Today the paper begins a four-part series on child sexual abuse. Unfortunately, the story is darkly explicit. Sadly, it could have been even more explicit. We feel it is necessary to run the story as it is in order to illuminate the nature and scope of this awful depravity that has injured — and continues to injure — so many innocents among us.

The only thing more repugnant than publishing this story is the fact that such tragic and depraved activities occur in our community.

The sickness of child sexual abuse has been with us for centuries. In recent years it would seem the problem of sex crimes has grown. Is it possible that perpetrators are encouraged in their ugly crimes by feeling a sense of permission from our sex-saturated culture?

We have had a number of reminders this week of the increasing degeneracy of our culture. New York Gov. Eliot Spitzer ended his political career after allegedly scheming to unlawfully hide many years of infidelity. A report this week tells us that as many as one in four teenage girls in the U.S. are infected with some type of sexually transmitted disease.

In our own community, teenagers are being prosecuted for sending each other pornographic images of themselves. And, of course, there is the ever increasing deluge of pornography that is being consumed by many.

These are just the things that shock us.

We have become inured to too many aspects of our sex-drenched culture. Implicit in virtually every movie, TV drama or sitcom is the notion that sexual relations, without regard to marriage, are just fine — maybe even necessary to a normal relationship — as long as they are mutually agreeable. The language and images are becoming increasingly explicit on network television. Of course, there are seemingly no bounds on cable and in most movies.

It is not just movies, bad music, pornographic books and magazines; look at the many TV and magazine ads that rely on sex to sell virtually any product. And that doesn't count the hundreds of millions of dollars drug companies spend to sell sexual enhancement pills to old men who can't get over their dreams of youthful energy.

The old immorality has become the new orthodoxy.

We even have high priests of this new orthodoxy. In response to the Spitzer fall, evolutionary biologist David Barash tells us in the pages of the Los Angeles Times, "I told you so." Barash knows this because "one of the most important insights of modern evolutionary biology has been our enhanced understanding of male-female differences. Startling discoveries of the last 15 years" alert us that in their natural state "pretty much the default among mammals," including that male mammal man, is that male animals are "inclined to engage in sex with multiple partners when they can."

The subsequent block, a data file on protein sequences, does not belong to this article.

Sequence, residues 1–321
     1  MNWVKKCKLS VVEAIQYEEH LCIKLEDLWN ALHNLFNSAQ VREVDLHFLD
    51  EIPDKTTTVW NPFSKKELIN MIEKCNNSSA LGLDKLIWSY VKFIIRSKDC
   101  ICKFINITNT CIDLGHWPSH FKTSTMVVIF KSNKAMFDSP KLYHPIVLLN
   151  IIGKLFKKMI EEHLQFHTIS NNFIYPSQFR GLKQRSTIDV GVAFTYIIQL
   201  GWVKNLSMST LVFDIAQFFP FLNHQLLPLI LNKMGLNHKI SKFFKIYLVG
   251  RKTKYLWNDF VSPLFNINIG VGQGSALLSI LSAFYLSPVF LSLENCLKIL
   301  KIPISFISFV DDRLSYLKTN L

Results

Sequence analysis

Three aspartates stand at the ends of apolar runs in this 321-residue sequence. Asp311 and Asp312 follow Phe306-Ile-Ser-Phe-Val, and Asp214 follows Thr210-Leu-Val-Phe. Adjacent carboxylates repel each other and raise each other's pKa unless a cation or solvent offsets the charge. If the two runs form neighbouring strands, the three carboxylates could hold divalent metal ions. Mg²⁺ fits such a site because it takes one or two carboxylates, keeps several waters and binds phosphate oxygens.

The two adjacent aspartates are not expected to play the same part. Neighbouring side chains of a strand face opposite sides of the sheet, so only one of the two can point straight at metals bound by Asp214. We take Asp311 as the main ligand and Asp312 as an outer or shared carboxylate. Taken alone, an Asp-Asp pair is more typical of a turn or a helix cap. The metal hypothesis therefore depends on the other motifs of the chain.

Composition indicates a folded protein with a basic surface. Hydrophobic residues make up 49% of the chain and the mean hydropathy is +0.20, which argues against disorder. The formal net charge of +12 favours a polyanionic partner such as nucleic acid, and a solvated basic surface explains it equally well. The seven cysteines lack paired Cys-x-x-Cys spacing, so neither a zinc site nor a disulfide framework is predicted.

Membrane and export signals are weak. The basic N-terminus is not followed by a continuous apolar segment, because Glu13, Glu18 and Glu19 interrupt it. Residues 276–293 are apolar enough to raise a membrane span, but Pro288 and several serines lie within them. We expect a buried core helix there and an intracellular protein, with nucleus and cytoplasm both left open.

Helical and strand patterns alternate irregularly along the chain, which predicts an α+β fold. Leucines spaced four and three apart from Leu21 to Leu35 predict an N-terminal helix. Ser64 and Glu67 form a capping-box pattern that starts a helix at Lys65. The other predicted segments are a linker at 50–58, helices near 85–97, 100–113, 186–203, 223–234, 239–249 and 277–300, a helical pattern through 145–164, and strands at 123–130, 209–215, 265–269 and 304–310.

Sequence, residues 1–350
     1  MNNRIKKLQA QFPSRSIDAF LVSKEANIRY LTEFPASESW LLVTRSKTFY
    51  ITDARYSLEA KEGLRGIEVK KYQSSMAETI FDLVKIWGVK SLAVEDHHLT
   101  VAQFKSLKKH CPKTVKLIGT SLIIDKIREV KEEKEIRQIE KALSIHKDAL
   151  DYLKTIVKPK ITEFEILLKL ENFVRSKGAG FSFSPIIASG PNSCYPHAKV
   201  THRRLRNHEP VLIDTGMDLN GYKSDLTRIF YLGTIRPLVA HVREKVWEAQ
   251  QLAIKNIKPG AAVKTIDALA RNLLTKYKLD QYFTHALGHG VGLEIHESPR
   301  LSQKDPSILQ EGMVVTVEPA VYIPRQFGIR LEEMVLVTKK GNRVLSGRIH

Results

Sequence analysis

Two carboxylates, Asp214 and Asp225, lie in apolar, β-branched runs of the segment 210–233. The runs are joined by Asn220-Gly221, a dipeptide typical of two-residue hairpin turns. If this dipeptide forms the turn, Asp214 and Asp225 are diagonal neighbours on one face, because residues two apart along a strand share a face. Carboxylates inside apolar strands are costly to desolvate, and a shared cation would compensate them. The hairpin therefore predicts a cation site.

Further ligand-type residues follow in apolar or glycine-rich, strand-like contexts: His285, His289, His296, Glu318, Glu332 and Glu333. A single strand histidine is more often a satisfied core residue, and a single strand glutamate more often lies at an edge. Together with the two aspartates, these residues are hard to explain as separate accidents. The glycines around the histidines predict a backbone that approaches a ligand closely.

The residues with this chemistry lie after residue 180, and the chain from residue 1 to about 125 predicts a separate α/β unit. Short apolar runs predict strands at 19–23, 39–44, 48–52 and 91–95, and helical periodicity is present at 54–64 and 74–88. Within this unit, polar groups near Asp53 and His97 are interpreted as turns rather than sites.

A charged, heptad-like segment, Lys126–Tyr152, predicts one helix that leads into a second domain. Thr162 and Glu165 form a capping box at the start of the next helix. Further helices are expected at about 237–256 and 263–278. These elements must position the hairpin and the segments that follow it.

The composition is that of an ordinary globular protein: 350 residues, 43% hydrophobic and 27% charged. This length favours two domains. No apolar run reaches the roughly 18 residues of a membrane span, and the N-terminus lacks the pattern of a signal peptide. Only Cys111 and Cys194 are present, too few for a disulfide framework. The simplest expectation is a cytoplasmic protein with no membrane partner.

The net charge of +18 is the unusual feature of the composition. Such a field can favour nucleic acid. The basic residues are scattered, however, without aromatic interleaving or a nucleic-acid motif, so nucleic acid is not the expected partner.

And why not? These are mostly "victimless crimes." No matter the millions of abortions, millions of broken marriages, millions of broken hearts.

Tragically, we are less and less shamed by this cultural descent to our animal natures. The Old Testament prophet Jeremiah speaks to us today when he thunders, "Were they ashamed when they had committed abominations? Nay, they were not at all ashamed, neither could they blush." (Jeremiah 6:15) How did we get here? Is there a way to recover virtue?

Alexander Pope (1688-1744) famously wrote about the struggle between our natural inclinations and the call of providence to rise above our passions. Nearly three centuries ago Pope warned:

Vice is a monster of so frightful mien,

As to be hated needs but to be seen;

Yet seen to oft, familiar with her face,

We first endure, then pity, and then embrace.

No government program — only changed hearts — can restore virtue. What distinguishes us from animals is that we can choose to rise above our more base natures.

Jeremiah taught,"Stand ye in the ways (of right conduct), and see, and ask for the old paths, where the good way (is), and walk therein and ye shall find rest for your souls" (Jeremiah 6:16).

The oldest way goes back to the beginning. God, who created this earth, gave as his first commandment to mankind the requirement to "be fruitful and multiply and replenish the earth" and that to accomplish this, "therefore shall a man leave his father and his mother, and shall cleave unto his wife" (Genesis 1:28, 2:24).

Joe Cannon is editor of the Deseret Morning News.